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    1. Thanks so much for your kind words, but I must say, there is no reason to be sorry. I’m not sorry. Shit happens, ya know? It helps that I get to use the “I didn’t train” card – if I had trained and things had gone this way I’d probably be really upset but I kind of feel like, well what did you expect? There will be other races, and running a half marathon on my home turf soon, minus fatigue and altitude and (hopefully) heat, I almost have to do better!

      I know what you mean. I have an old friend who is the same way – she runs half marathons and this year ran a full, and doesn’t train for it hardly at all. She goes on a long run every 2ish weeks and calls it good. I would get annoyed because she runs pretty good times for someone who barely runs, so imagine what she could do if she actually trained! But like you with your sister, I have to remind myself that she doesn’t care enough to “train”, she just wants the experience, and that’s her right. If she can enjoy races with little to no training, more power to her, I guess. Personally I can’t see the satisfaction in it (at least not for every race), but that’s the beauty of life – we are all different.

      LOL we should start a betting pool on when the heat complaints start. Surprisingly, this weekend’s heat didn’t bother me as much as I feared – it was actually much worse to stand/sit around in it at the post race party.

      Also, by the way – this race is sort of a misnomer because it actually does NOT take place in Canyonlands Natl Park. Weird, huh? It is in a canyon though, and it is pretty, so whatever!

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  3. Ok, you cracked me up with the last “oh, and I’m running another half in 10 days” comment. 🙂 That sounds like a tough race. I can’t imagine starting that late in the heat. Are your running tights cool? I have a hard time running in the summer in tights or capris. Mine are so warm!

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    1. Haha! Thanks! It just goes to show how crazy I am. Although, to be fair, if I would have known how this race was going to go I never would have signed up for another half marathon that’s two weeks later. But with the lessons learned and the likely cooler temps (and lack of altitude/fatigue), I’m almost guaranteed to have a better race, so there’s that!

      The tights are a pretty thin, swimsuit-like material (they are not compression tights, more like yoga pants), so they don’t get too hot. The dark stripes can get hot if I’m sitting in the sun but otherwise they’re very comfy. Unless it’s like 90 degrees, I usually prefer to run long distances in capris instead of shorts. Running shorts often chafe me and since I have a big butt they always ride up on me.

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      1. That must be what my problem is – mine are all compression material I think. I think I would like to run in capris more… at least when I see my race pictures wearing shorts I know I do!!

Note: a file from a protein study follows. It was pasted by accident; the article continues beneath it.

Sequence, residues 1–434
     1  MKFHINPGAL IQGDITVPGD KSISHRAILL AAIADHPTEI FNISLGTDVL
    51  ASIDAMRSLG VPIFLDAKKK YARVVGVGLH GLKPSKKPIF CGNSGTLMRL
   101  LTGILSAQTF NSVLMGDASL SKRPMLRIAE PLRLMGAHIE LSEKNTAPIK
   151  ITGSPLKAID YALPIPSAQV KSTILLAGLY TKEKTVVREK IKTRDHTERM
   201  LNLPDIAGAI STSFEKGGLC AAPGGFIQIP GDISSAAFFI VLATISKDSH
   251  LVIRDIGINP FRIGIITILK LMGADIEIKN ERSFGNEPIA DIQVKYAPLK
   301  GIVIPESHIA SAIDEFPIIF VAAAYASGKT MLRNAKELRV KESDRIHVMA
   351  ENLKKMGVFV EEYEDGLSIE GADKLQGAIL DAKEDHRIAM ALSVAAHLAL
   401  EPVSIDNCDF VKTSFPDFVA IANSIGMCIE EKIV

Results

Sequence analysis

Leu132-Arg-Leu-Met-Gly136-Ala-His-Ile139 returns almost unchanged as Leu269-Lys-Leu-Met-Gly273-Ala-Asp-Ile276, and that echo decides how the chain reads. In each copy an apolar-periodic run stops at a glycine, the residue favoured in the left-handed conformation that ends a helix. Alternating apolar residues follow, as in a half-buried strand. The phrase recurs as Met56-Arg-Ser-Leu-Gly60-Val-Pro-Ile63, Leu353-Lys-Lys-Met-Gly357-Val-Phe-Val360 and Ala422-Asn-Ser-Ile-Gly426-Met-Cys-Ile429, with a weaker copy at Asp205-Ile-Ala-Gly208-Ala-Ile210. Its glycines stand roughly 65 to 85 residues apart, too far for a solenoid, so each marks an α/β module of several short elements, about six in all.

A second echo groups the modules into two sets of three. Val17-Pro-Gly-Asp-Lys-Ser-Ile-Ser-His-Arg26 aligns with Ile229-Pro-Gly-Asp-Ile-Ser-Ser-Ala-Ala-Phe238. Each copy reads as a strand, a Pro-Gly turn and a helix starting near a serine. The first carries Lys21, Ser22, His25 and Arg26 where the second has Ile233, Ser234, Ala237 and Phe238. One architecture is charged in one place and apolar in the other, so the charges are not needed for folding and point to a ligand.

Yes, I’m sure you’ll have a better race next time 🙂

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  4. Well, those conditions and the circumstances you had leading up to the race certainly sound less than ideal! No shame in the run/walk game, though. That’s gotten me through four of my five marathons, and in every single one of those instances, it was what I had to do to get myself across the finish line, which for me, is my main goal in any race.

    As for your motivation situation, I hope this doesn’t come across sounding sarcastic or mean, because that’s certainly not my intent, but have you ever considered just running for the sake of running? Maybe that means not doing races anymore, if timing is what gets in your way of enjoying yourself, but it really sounds like what you’re doing isn’t making you very happy. No one’s paying you to run, so I don’t see why you should keep forcing yourself to do something you don’t want to do just for the sake of doing it because you feel like you’re “supposed to” or whatever. You can certainly blog about things other than running, if you find other fitness endeavors that make you happy, or just other endeavors in general! But I’m a firm believer in not doing something just for the sake of doing it once you become an adult if no one’s making you do it and your livelihood doesn’t depend on it. I had some friends that stuck around in my dance class for way longer than necessary and complained about how much they didn’t want to be there all the time, and it never made any sense to me why they continued to pay a lot of money and take time out of their lives to be miserable for a HOBBY. Your hobbies are supposed to bring you happiness! And if they don’t, then I think it’s time to find a new one, or find a new way to approach the one you currently have.